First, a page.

By Andrew Westcott
Firstly, I'm assuming that you have some knowledge of html code and CSS, and write the code for your web pages yourself rather than letting some software do it badly for you. If not, why not?
When building web pages, there's a chance you may wish to include an e-mail address somewhere as a point of contact. Unfortunately there are bots roaming the Internet designed to harvest useful data such as e-mail addresses and phone numbers, along with any other tasty snippets which may come in useful or be sold to unscrupulous marketing companies. It won't be very long before any useful data has been harvested, from which point your inbox will begin to fill with unwanted messages, possibly rendering it unusable after a time.
This approach is pretty old, and an internet search will probably pull up hundreds of slightly different ways of doing this. Some methods are too simple and may be solved by modern bots, and others are perhaps unnecessarily complicated. Here I'll describe the method I use which gives excellent protection whilst being reasonably simple.
Anyway, moving on.
We need to take our e-mail address and break it up into pieces which individually cannot be harvested as a meaningful e-mail link. By way of example, here is the fake e-mail address email@example.com broken down into 4 bits:
The first concept to understand is that a letter, X for example, can be assigned a numeric value, say 5. In code, the X would be considered the 'variable', and the value assigned to it would be the 'value' hence in this case X = 5.
It's worth a mention that I'm suggesting 'var' here, rather than the more modern 'let' and 'const' to ensure that any pre-2015 browsers will recognise the code. Maybe in a few years it can be dispensed with, but not just yet.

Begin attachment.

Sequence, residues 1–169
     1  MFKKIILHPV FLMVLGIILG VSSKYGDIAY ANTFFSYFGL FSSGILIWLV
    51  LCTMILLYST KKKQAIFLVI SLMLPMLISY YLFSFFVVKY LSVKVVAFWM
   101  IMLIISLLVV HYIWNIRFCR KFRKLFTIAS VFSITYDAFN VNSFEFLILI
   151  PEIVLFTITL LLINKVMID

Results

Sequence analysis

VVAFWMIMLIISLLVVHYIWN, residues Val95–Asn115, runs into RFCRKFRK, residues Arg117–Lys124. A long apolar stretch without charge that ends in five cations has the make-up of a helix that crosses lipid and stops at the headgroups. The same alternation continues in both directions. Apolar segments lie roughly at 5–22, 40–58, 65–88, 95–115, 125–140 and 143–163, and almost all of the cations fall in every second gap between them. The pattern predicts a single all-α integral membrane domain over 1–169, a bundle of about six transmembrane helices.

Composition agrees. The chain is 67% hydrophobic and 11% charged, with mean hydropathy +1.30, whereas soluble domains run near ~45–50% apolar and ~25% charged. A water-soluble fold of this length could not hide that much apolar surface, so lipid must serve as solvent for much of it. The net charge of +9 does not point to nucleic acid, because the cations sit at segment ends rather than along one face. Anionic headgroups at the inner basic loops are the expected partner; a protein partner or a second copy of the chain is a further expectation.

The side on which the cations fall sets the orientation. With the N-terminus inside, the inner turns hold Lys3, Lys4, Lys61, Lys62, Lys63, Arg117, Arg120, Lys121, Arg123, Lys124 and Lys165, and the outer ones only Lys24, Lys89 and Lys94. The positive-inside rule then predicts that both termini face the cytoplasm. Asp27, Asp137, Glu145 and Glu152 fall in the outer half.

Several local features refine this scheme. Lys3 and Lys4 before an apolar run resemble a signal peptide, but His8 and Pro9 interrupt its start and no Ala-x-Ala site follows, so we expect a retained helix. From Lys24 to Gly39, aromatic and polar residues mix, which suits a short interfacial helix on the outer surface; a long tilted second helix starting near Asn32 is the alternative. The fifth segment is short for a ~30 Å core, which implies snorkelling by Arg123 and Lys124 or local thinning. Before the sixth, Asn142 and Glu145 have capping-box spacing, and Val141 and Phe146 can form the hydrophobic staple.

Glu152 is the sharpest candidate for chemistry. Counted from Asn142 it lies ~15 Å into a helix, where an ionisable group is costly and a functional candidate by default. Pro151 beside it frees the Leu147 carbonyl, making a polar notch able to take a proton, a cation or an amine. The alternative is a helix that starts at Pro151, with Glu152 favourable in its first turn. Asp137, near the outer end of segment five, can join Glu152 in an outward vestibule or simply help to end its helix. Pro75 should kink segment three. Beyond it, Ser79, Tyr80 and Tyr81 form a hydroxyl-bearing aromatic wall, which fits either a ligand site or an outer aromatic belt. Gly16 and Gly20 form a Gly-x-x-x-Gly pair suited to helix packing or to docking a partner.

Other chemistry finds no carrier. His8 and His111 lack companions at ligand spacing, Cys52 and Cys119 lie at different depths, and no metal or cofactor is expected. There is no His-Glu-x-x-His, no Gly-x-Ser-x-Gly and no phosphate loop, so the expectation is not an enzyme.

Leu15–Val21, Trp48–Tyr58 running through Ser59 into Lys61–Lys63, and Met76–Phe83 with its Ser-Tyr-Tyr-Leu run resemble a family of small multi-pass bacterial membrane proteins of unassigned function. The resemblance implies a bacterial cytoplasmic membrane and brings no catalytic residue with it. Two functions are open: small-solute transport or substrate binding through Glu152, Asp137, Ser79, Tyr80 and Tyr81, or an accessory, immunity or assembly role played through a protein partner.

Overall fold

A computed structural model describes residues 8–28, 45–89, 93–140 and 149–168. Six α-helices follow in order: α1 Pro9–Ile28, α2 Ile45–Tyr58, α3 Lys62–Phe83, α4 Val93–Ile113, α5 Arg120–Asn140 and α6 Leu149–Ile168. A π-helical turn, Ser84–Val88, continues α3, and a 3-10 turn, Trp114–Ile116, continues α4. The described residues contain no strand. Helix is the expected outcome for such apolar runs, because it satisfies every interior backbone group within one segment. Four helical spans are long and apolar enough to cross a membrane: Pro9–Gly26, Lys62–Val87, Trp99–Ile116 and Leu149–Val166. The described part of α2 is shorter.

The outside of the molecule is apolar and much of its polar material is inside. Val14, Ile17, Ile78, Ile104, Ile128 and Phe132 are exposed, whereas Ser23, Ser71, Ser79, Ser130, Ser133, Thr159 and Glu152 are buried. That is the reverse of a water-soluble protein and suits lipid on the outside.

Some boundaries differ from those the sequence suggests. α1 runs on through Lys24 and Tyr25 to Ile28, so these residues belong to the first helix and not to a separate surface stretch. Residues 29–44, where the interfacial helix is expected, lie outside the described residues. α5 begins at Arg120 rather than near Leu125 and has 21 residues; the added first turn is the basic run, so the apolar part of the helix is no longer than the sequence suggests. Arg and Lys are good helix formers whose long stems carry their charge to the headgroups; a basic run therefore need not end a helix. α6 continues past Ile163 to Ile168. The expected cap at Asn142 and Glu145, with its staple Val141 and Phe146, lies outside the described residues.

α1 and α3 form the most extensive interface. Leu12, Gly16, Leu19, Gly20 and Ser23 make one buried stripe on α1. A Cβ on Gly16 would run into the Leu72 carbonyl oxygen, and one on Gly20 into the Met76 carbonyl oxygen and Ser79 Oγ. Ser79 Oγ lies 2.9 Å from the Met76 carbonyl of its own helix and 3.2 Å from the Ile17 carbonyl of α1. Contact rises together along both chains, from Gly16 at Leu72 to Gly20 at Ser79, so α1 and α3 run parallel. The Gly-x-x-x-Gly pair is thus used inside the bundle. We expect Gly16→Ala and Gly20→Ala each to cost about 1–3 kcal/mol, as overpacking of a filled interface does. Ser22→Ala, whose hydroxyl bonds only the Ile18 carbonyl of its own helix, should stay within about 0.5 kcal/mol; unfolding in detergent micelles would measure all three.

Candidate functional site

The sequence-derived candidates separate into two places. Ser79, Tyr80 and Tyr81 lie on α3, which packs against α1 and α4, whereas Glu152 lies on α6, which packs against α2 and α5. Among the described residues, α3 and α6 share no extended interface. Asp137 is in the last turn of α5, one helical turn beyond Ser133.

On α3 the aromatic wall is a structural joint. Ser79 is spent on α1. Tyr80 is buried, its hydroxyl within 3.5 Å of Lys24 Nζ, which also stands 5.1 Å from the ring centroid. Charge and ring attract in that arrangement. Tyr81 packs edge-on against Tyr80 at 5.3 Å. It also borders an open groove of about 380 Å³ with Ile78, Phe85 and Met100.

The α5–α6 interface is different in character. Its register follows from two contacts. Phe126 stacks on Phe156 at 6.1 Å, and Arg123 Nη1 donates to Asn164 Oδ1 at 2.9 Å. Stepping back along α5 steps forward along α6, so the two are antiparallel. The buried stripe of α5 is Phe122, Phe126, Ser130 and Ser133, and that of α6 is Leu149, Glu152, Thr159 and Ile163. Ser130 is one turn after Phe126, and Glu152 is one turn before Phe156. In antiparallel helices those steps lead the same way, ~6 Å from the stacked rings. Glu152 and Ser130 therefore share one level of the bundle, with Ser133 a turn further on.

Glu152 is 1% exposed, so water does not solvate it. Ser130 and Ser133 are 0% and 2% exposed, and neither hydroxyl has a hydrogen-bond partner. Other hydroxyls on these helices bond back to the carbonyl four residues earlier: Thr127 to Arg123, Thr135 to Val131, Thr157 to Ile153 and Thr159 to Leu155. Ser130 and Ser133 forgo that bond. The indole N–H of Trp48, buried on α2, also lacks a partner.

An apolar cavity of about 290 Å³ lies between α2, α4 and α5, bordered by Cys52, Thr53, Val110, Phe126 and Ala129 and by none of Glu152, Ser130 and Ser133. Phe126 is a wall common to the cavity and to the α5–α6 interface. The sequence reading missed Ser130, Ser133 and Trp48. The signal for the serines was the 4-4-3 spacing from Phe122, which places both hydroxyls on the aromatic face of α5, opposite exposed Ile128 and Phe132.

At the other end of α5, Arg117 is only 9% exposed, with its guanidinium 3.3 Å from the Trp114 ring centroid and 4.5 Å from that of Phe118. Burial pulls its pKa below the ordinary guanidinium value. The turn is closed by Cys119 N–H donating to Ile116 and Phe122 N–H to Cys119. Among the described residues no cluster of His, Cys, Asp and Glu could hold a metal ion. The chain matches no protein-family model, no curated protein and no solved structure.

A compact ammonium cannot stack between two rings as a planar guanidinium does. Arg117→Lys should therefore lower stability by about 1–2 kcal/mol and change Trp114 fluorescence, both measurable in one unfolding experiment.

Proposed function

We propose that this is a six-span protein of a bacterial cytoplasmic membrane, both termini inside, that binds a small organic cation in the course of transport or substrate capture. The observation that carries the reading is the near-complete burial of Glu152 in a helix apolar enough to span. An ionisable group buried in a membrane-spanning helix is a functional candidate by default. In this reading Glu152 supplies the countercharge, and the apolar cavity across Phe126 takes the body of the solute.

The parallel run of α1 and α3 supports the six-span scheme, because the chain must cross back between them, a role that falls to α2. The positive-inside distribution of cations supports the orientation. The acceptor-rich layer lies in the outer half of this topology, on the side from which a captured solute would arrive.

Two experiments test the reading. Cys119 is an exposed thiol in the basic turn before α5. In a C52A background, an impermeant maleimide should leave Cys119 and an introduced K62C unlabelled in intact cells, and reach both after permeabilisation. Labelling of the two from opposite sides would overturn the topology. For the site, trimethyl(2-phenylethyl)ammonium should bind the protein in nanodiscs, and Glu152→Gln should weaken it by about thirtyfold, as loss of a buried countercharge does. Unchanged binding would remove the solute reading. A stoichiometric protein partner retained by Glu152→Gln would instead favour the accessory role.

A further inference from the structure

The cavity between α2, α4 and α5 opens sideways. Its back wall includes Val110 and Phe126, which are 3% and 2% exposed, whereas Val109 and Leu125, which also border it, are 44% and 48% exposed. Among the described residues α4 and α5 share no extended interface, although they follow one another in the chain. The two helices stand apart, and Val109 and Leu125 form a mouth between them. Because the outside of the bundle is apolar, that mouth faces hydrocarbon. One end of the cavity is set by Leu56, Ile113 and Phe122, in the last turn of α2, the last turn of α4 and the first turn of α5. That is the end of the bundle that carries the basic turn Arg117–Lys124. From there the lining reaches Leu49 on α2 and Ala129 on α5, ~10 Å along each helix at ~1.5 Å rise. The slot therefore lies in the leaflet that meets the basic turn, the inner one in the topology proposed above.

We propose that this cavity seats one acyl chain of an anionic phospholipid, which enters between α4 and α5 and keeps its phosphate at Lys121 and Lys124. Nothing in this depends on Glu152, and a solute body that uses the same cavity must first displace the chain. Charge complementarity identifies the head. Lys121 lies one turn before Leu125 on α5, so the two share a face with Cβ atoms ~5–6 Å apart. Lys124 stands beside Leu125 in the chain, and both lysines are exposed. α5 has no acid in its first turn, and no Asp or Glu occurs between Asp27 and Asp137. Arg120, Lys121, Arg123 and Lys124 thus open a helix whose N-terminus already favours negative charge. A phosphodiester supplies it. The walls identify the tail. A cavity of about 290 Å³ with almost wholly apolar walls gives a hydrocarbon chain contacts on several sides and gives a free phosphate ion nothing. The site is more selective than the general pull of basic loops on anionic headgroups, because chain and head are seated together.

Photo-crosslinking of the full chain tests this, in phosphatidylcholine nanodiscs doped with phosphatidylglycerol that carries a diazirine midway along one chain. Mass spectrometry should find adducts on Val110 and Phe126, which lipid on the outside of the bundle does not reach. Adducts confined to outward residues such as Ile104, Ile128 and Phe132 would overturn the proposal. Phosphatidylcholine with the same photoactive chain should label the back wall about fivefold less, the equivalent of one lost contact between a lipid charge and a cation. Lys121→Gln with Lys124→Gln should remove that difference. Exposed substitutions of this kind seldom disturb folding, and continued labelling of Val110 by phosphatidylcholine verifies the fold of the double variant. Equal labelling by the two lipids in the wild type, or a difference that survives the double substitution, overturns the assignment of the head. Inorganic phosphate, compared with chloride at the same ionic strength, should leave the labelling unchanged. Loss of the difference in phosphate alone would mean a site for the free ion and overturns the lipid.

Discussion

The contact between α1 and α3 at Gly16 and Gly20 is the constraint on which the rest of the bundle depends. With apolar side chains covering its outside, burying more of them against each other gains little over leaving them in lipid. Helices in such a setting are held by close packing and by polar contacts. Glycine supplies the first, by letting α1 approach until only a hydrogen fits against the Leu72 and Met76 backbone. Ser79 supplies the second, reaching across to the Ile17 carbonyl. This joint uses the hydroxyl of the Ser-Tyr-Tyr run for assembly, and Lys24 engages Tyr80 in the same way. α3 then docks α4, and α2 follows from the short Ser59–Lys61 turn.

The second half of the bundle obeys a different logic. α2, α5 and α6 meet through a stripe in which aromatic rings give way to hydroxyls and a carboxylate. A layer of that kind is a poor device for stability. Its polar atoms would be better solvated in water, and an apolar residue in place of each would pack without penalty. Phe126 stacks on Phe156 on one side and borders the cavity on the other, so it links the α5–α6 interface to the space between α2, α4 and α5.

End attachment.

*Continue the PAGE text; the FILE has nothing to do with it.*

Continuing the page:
In the example above, you can see the 4 variables, and the text string assigned to each one. Depending who you talk to, putting all the variables on one line may be more efficient, as all variables are processed at once. The image below is of the 4 variables being declared on one line if that's what you wish to do:
Note that the var statement is only written at the start of the line, each declaration is separated by a coma, and the end of the line is indicated by the semicolon as always required. Other than the slight syntax change, the declaration of variables is the same.
The more astute amongst you may have noticed that the variables aren't being declared in order, but are jumbled around a bit. This is optional, but I've done it to ensure that the e-mail address doesn't exist in a linear manner, where stripping out code could reveal the true address. There's no way a bot could get that information in this case.
Now we have the declaration of variables sorted out, we can place that bit of code safely out of the way within the html <head> </head> tags. When the browser loads the page, those variables will be declared, held in memory and can then be called unlimited times within the web page code.
The code has been enclosed within <p> </p> tags to enable styling using a class definer of your choice, and consists of a mixture of our previously declared variables, plus some other parts we didn't need to assign variables to, for example the entire <a href="mailto: string was left as-is. A spam bot won't get anything from that, apart from the digital equivalent of a headache.
Variables are just added in the code as they are, but each text string must be defined by being put in single or double quotes, and while either is acceptable, care must be taken to stick to just one or the other. As a double quote appears in the first and second text strings, single quotes have been used in this case to avoid breaking the code.
As a point of interest, the closing </a> tag may be picked up by the W3C html validator as an error. If you wish to get around this minor issue, the bits of problematic code can be broken down too, as in the snippet below.
So in a nutshell, the code writes the <a href="mailto: part and adds the text contained in the variables we declared earlier along with a couple of other text strings. If you examine it carefully, you'll see how it all logically comes together when the page is rendered: a nice, clickable e-mail address:
I can be contacted at this address:
Copyright © Andrew Westcott 2003 - 2024
I'm happy for anyone to use this material for private, non-commercial or educational purposes, but credit to the author must be given. For any other use please contact me for permission.